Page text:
Bolting and Route Development
The National Park Service does not inspect, maintain, or repair bolts and other climbing equipment anywhere in the park. Make sure your climb is adequately protected by visually inspecting any pre-existing bolts or fixed pins.
Rocky Mountain National Park is world renowned for traditional and alpine climbing. Most routes in the park offer adventurous climbing utilizing traditionally placed protection such as cams, nuts, etc. Bolted routes, also known as sport climbs, are rare in Rocky Mountain National Park and are prohibited in the Rocky Mountain Wilderness.
A fixed anchor is defined as any piece of climbing equipment that is left in place to facilitate a safe ascent or rappel. Examples include, but are not limited to bolts, pitons, and webbing. Only place fixed anchors as a last resort. All bolts must be placed using a hand drill only. Power drills are not allowed in Rocky Mountain National Park.
“Fixed anchors should not be placed merely for convenience or to make an otherwise "unclimbable" route climbable...The infrequent placement of new fixed anchors is allowed when ascending a route to connect terrain that is otherwise protected by removable anchors (e.g., one crack system or other natural feature to another)...New, bolt intensive climbing routes (e.g., sport climbs, bolt ladders) are not appropriate in wilderness and should not be created.” - ROMO Wilderness Management Plan
"The establishment of bolt intensive face climbs is considered incompatible with wilderness preservation and management due to the concentration of human activity which they support, and the types and levels of impacts associated with such routes." - NPS Director's Order 41
Equipment, including but not limited to fixed ropes, may not be left unattended for longer than 24 hours or it will be considered abandoned property. Abandoned property may be removed by the NPS and is subject to the following regulations: CFR 2.22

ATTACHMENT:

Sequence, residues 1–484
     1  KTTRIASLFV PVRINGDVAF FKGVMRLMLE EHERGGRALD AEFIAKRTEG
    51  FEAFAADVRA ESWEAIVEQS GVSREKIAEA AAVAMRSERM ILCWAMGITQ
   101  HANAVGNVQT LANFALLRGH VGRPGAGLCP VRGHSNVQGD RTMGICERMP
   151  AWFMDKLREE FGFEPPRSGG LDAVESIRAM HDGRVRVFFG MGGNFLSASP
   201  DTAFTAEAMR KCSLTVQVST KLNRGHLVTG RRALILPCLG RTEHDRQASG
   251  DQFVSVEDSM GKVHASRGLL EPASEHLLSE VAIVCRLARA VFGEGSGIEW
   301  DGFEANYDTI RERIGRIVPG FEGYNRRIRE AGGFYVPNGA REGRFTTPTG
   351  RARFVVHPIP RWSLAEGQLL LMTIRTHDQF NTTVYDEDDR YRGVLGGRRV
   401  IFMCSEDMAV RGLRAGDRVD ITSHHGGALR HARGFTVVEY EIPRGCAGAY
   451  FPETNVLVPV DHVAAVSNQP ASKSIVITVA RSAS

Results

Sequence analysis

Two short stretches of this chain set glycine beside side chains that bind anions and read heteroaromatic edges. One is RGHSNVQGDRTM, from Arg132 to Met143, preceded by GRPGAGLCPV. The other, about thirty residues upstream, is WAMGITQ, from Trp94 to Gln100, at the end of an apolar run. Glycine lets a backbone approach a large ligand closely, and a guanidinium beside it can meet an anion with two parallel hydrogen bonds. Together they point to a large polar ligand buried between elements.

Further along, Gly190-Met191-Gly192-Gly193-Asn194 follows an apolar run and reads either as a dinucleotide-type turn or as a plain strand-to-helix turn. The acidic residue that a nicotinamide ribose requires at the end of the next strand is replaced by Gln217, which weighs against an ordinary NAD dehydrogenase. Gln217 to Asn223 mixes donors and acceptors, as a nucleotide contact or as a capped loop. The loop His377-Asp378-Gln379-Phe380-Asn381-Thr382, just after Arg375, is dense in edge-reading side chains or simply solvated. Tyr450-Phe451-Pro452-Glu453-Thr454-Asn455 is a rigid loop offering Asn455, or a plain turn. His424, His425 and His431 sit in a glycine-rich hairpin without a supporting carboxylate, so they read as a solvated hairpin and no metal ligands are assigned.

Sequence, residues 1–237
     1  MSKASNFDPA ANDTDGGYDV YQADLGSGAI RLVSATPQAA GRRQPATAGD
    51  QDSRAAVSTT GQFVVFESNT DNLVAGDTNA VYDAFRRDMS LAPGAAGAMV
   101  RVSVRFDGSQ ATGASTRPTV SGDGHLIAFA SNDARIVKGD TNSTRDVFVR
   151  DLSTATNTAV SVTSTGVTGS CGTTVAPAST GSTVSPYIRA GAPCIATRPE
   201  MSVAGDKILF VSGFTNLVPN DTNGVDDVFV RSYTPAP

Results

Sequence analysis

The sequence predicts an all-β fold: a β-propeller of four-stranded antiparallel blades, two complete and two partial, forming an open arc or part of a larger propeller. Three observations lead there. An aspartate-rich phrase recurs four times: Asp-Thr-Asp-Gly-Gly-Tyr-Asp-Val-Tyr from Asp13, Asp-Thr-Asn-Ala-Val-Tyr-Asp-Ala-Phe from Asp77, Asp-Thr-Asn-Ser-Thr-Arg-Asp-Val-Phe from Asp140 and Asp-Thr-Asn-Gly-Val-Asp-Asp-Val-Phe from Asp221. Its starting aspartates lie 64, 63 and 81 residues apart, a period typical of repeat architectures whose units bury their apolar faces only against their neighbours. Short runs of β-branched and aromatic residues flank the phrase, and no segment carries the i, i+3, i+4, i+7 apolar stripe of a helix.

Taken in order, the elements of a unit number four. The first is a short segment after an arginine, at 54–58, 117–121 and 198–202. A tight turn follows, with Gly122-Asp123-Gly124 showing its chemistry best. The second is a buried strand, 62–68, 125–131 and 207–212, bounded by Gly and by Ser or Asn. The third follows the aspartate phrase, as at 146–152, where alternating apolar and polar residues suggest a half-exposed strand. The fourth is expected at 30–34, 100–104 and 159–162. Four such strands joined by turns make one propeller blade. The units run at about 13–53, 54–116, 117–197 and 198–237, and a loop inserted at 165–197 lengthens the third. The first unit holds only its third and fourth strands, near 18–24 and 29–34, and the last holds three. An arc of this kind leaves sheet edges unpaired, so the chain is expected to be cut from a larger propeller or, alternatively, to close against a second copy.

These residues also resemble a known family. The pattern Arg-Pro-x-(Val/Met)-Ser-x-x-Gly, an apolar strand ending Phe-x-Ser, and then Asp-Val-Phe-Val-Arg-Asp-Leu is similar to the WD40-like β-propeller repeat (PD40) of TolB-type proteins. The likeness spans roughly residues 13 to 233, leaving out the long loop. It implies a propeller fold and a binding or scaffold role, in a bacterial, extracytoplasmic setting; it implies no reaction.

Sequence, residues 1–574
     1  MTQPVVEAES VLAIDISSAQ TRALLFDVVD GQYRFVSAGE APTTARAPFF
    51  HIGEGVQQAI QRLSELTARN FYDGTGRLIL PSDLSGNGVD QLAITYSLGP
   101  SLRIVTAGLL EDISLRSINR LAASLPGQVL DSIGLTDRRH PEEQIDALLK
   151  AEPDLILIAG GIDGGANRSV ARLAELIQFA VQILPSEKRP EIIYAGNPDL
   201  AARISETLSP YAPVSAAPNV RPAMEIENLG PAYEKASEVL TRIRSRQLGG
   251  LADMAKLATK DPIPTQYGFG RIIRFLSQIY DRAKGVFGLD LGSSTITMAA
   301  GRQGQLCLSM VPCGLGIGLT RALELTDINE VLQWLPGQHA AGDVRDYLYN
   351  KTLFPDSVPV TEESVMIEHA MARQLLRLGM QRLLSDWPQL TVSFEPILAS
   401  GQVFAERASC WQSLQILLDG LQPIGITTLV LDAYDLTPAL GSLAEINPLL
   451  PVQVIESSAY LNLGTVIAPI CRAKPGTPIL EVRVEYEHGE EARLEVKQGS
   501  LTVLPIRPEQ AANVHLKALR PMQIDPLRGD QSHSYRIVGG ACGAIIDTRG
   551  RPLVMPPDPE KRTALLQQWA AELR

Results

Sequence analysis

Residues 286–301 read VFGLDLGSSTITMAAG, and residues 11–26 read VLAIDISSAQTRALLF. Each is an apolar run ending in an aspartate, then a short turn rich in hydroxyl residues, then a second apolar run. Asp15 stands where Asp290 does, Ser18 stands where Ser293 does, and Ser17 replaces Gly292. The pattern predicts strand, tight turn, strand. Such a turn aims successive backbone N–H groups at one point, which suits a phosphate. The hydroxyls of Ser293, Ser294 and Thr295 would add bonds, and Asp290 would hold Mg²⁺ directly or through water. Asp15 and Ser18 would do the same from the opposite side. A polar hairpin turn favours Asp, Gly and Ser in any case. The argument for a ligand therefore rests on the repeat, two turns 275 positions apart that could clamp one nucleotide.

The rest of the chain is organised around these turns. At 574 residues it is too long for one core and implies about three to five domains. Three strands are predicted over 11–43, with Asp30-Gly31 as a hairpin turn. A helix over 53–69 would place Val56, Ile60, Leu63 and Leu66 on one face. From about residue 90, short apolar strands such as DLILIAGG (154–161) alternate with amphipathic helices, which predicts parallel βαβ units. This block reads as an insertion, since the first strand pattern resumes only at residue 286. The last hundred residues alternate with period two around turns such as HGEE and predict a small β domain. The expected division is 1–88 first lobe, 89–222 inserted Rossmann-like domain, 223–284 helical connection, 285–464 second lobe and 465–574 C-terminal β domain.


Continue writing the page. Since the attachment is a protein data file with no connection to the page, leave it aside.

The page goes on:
If you are planning on establishing a new climbing route in Rocky Mountain National Park, please reference the wilderness map to determine if your proposed route is in wilderness.
Minimum Impact Climbing
Practice the following principels and help to minimize impacts to protect the fragile ecosystesm and climbing areas we all love.
Only by following a low-impact climbing ethic can we protect our outstanding natural features and their biological diversity for future generations
All Around You
Climbing in parks and open spaces is a special experience. The sounds and beauty of nature surround the climber and create an environment which cannot be duplicated on urban climbing walls.
Beneath Your Feet
The approach to your climb can be considered an experience that must be endured, or an enjoyable part of the whole outdoor challenge. Whatever your attitude, it is critical that climbers understand the impact that human feet have on the ground and on the rock.
The access trails which we use to approach climbs, even if no formal trail exists, can be carefully chosen to avoid the heavy impact of the human foot. Rocky slopes will withstand foot traffic far better than delicate canyon bottoms and will not present erosion problems as quickly.
Wilderness and backcountry climbing areas often have an aura of primitive mystery and serenity, or a feeling that humans have rarely visited a particular area. As we have quietly enjoyed a rocky precipice or a shadowed canyon, we may have been rudely interrupted by the loud or annoying behavior of another park visitor.
Last updated: July 26, 2022